Thursday, February 21, 2008

Happy birthday, Mike

This is normally a spot where I talk about some kind of news in sports, or politics, something along those lines. But today is no normal day. Today would have been my father Mike Angell's 49th birthday.

At 14, you don't expect to lose your father, and you really don't know what you have until you lose that relationship. But death is not the end of the relationship. Since his passing, my father has given to me in many ways. One of the most obvious is the re-opening of his side of the family. Due to personality conflicts, I grew up having seen my aunts and uncles on my father's side once, maybe twice in 14 years. One aunt lived in the next county, and I had never seen her. That changed once my father was no longer around. I've often wondered if giving that gift to make our family complete was the reason for that.

It wouldn't shock me if that was the case. Mike wasn't someone who saw his own successes as being more important than those he cared about. His sports teams certainly displayed that. As a fan of the Cleveland Indians and Cleveland Browns, he saw the Browns win an NFL title in 1964, then never saw Cleveland reach a Super Bowl in 43 years of life. In the last 13 years, two of his sons (obviously not me) have a combined four Super Bowl titles. He never saw his Indians win a World Series. I have two titles from my Blue Jays.

But that wasn't what mattered most to him. He cared most about spending as much time as he could with those that mattered to him. That was the reason for the family firewood business. Although we hated having to split wood all day long, (as a result, I hate snow to this day) we did it because he wanted to spend as much time with his family as possible. He had a normal job for years, one where his bosses enjoyed having him. But that cut into his time with the family, so he decided to build his firewood business from something he did on the side into a way of life.

From making deliveries to his friends and neighbors, he expanded to include restaurants throughout the Washington D.C. and Baltimore metro areas. He added accounts that he knew he couldn't get to frequently without spending much of his time on the road, then added partners local to those areas to share the revenue with. He understood his business and was determined. An example can be found in California Pizza Kitchen. When he first started to add restaurants by taking a contract with The Italian Oven, he had his eyes set on the more famous CPK chain from the start. About a year after adding The Italian Oven, he had not only taken on barbecue chain Red River, but had nine California Pizza Kitchens receiving firewood from him once a week. From there, the business expanded to include Carrabba's, Macaroni Grill, Famous Dave's barbecue and Red Hot and Blue, plus other smaller places. For the Red Hot and Blue account, he had things figured out so well that he had a free order of potato salad written into his contract every time he made a delivery to any of his RH&B restaurants. (Later, I had a free peanut butter pie written into my contract. Then it was discontinued. I wasn't as good at this as he was.)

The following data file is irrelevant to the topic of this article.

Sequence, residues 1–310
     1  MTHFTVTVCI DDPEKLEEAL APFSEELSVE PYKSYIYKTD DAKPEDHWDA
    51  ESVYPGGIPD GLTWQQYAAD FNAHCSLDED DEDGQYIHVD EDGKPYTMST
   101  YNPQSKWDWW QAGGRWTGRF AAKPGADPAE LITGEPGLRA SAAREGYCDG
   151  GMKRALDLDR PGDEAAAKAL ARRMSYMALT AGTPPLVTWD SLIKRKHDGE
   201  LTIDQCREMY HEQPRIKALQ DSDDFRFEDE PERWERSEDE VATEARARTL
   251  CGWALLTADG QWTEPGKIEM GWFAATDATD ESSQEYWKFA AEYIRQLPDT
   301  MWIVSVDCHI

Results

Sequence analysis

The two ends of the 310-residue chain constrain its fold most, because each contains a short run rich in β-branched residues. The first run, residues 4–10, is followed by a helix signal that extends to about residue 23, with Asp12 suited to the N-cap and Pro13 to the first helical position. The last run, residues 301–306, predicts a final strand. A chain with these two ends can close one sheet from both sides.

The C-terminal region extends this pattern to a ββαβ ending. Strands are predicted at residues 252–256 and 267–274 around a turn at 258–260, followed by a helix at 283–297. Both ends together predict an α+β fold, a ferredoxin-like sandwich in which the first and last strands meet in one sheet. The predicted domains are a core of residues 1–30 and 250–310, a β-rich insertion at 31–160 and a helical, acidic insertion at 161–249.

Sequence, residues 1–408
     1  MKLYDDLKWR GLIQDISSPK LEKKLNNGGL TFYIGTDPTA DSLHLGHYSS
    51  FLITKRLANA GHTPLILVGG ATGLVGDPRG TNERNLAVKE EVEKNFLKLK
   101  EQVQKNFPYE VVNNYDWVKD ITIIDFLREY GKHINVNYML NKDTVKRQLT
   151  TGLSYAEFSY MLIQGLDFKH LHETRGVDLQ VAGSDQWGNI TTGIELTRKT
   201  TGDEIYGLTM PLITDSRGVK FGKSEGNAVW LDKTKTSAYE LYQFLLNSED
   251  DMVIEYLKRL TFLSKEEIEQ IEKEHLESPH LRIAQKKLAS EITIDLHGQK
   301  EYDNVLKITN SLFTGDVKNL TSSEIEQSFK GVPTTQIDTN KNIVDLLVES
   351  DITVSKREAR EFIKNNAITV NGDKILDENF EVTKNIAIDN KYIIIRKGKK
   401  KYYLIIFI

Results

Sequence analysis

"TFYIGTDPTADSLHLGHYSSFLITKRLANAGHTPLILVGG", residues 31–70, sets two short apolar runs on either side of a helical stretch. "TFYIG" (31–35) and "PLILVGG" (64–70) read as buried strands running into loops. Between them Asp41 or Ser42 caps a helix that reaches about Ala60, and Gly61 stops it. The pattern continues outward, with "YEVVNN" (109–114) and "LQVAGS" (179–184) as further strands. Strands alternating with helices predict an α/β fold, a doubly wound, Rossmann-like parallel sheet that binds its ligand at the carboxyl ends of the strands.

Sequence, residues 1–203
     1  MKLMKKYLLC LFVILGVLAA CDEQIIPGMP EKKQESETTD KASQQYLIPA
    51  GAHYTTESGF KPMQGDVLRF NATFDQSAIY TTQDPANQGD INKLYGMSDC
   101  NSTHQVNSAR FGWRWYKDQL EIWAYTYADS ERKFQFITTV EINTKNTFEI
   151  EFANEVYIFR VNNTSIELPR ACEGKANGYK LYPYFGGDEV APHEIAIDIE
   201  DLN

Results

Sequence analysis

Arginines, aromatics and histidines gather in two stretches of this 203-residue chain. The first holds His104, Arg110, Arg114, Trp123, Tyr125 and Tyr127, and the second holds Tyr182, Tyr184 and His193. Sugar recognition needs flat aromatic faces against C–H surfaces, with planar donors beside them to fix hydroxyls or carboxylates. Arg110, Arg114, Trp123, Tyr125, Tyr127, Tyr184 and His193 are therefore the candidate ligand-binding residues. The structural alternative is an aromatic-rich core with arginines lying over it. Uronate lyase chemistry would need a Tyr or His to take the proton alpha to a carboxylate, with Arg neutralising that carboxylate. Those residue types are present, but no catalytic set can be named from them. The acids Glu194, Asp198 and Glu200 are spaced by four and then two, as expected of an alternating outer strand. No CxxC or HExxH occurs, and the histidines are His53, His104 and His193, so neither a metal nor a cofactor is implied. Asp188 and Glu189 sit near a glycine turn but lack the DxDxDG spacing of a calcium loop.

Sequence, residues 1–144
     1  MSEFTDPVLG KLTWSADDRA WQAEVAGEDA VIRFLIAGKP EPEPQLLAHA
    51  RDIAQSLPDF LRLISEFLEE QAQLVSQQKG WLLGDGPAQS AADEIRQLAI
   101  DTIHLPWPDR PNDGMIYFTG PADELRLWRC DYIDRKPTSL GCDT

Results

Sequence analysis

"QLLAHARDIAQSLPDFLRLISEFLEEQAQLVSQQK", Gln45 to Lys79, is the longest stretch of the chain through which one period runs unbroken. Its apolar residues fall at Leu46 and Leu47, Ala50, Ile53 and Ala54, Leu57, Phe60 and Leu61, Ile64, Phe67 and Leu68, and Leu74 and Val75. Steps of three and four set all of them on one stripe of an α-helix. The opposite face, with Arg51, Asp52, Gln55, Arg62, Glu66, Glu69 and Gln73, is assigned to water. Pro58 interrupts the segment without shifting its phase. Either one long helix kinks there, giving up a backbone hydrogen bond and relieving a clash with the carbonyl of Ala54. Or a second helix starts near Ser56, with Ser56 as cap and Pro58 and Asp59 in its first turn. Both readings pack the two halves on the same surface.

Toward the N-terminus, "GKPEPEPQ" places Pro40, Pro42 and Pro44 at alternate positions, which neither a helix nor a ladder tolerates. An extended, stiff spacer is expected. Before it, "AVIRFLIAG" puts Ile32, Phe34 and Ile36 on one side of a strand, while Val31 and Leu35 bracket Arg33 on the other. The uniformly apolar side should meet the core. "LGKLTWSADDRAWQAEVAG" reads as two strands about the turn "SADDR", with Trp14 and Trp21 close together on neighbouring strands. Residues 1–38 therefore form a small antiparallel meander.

But although I might not be as good at that, I think I've got the determination, and that's what's led me to the Trentonian. I know he had something to do with that, and I know that I'm making him proud by doing what I'm doing. One thing Mike knew how to do was push for talent. From the beginning, he was on me to do well in class because he thought I do anything I wanted if I worked hard enough. Now I am doing what I love. He pushed Simon just as hard in baseball, and Simon was the second-best player in the district his senior year.

Everything I do, I do to honor him. I'm proud to be his son and grateful for all I've received because of him.

My time is up. You've all been great. In honor of Mike, enjoy Merle Haggard.

3 comments:

o0Mione0o said...

It's always amazing how some form of tragedy can be taken so nobly. I commend you for posting something so personal on a page that quite honestly, all the world can see. I find in life that some people can really bottle up emotional moments from their pasts and because of that, never let some people know who they truly are. I think it shows a strong conviction of you and I'm sure that you father is very proud of you, and on such a special day, he is.

I found it interesting that you mentioned the fact that, unlike your dad what started out as something free became a mere discounted good on your contract because you were not as good as he was. That makes me think of the movie Tommy Boy, because it’s not the fact that you nor Tommy were not at the caliber that your fathers were, it’s just that you are different. Everyone has his or her own strength. Although you don’t need this advice, keep going, I am assured that your future will be bright one!

P.S. Maybe for your next journalistic post you can address the issue with the New York Times coming under fire for a story recently published about Senator McCain. Do you believe that one bad story can ruin the reputation of a paper, and why this story is bringing the New York Times such grief?

Anonymous said...

dan ur the fuckin man, good post, it is so uncanny that u said merle Haggard because i just downloaded a bunch of his shit and before i saw the end of ur post i was gonna suggest u say that haha

Shawn Garrison said...

Great post, very inspiring man.